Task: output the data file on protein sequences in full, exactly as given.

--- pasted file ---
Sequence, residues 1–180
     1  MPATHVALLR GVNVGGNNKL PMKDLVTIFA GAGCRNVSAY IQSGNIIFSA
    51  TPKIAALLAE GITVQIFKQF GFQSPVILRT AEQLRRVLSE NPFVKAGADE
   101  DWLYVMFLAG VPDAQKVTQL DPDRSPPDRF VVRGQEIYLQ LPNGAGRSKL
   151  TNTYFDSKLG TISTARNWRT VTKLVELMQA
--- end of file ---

Sequence, residues 1–180
     1  MPATHVALLR GVNVGGNNKL PMKDLVTIFA GAGCRNVSAY IQSGNIIFSA
    51  TPKIAALLAE GITVQIFKQF GFQSPVILRT AEQLRRVLSE NPFVKAGADE
   101  DWLYVMFLAG VPDAQKVTQL DPDRSPPDRF VVRGQEIYLQ LPNGAGRSKL
   151  TNTYFDSKLG TISTARNWRT VTKLVELMQA